Defendants oppose Plaintiff’s motion on the grounds that: (1) the Court should affirm its prior ruling denying Plaintiff’s motion and deny Plaintiff’s renewed motion; (2) the stipulation does not provide for the Court to enter judgment in an amount different than the amount the parties stipulation; (3) Plaintiff cites no legal authority to rebut their argument that the $250,000.00 in a penalty thereby conceding to Defendants for a second time on that issue; and (4) even if Plaintiff were successful, Plaintiff would not be entitled to prejudgment interest because the stipulation does not provide for it.

DISCUSSION

Under California Code of Civil Procedure, Section 664.6 “[i]f parties to pending litigation stipulate, in a writing signed by the parties outside the presence of the court or orally before the court, for settlement of the case, or part thereof, the court, upon motion, may enter judgment pursuant to the terms of the settlement. If requested by the parties, the court may retain jurisdiction over the parties to enforce settlement until performance in full of the terms of the settlement.” Settlement language cannot “purport[t] to vest the trial court with retained jurisdiction after . . . dismissal.” (Hagan Engineering, Inc. v. Mills (2003) 115 Cal.App.4th 1004, 1008.) “A court does not retain jurisdiction over a case which has been dismissed.” (Id. at 1010.) “[P]arties who have no case pending in a court [cannot] obtain a judgment from that court.” (Id.) “[A] party must apprise the court, within the settlement agreement or otherwise, of the desire of the parties that the court retain jurisdiction of the case.” (Id.) Even though parties are permitted to request for the court to retain jurisdiction after dismissal, such request must be made during the pendency of the litigation. (Wackeen v. Malis (2002) 97 Cal.App.4th 429, 440.) Like the settlement agreement itself, the request must be made orally before the court or in a signed writing, and it must be made by the parties, not their attorneys, spouses, or other such agents. (Id.) If all of these requirements are not met, then enforcement of the agreement must be left to a separate lawsuit. (Id.) “By its express terms, section 664.6 only permits an entry of stipulated judgment by parties to pending litigation.” (Housing Group v. United Nat. Ins. Co. (2001) 90 Cal.App.4th 1106, 1112-1113.)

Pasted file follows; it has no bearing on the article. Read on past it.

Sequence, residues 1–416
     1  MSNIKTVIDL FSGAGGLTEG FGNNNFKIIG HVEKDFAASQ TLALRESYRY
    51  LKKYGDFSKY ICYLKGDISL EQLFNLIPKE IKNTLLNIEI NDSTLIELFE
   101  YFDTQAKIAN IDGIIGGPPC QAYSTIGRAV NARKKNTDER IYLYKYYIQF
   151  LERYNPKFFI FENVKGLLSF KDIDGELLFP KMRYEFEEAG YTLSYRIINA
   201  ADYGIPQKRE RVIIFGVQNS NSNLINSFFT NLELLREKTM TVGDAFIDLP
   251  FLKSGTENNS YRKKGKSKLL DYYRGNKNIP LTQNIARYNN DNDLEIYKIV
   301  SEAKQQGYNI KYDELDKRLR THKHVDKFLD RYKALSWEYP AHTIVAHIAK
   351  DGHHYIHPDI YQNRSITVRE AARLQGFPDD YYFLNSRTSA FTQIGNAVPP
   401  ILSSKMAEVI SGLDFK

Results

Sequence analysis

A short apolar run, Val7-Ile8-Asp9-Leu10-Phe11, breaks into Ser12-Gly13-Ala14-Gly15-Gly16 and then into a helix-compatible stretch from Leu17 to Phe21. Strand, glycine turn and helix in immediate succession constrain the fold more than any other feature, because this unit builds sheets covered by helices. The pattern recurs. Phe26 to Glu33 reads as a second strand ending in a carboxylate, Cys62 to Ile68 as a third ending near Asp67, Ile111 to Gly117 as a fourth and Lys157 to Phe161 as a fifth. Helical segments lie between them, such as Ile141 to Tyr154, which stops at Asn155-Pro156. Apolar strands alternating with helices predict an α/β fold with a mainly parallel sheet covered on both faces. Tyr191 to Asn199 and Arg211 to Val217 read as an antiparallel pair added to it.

Issue No. 1: The Stipulation as a Penalty

A stipulation for settlement becomes “an unenforceable penalty if it bears no reasonable relationship to the range of actual damages that the parties have anticipated would flow from a breach. The amount set as liquidated damages must represent the result of a reasonable endeavor by the parties to estimate a fair average compensation for any loss that may be sustained.” (Purcell v. Schweitzer (2014) 224 Cal.App.4th 969, 974-975.) “[T]he relevant breach to be analyzed is the breach of the stipulation, not the breach of the underlying contract.” (Id. at 975, emphasis added.) There must be an attempt to anticipate the damages that would result from the breach of the stipulation. (Id.) “A contractual provision imposing a penalty is ineffective, and the wronged party can collect only the actual damages sustained.” (Vitatech Internat., Inc. v. Sporn (2017) 16 Cal.App.5th 796, 806.) A stipulation for entry of judgment does not have to use the exact phrase liquidated damages but “its legal effect [can] [be] the same as a liquidated damages provision.” (Id.) “[T]he amount of judgment must reasonably relate to the damages likely to arise from the breach of the stipulation, not the alleged breach of the underlying contract, because it is the breach of the stipulation that allows [Plaintiff] to enter judgment against [Defendants].” (Id. at 810.) “The characteristic feature of a penalty is its lack of proportional relation to the damages which may actually flow from failure to perform under a contract.” (Id. at 699.)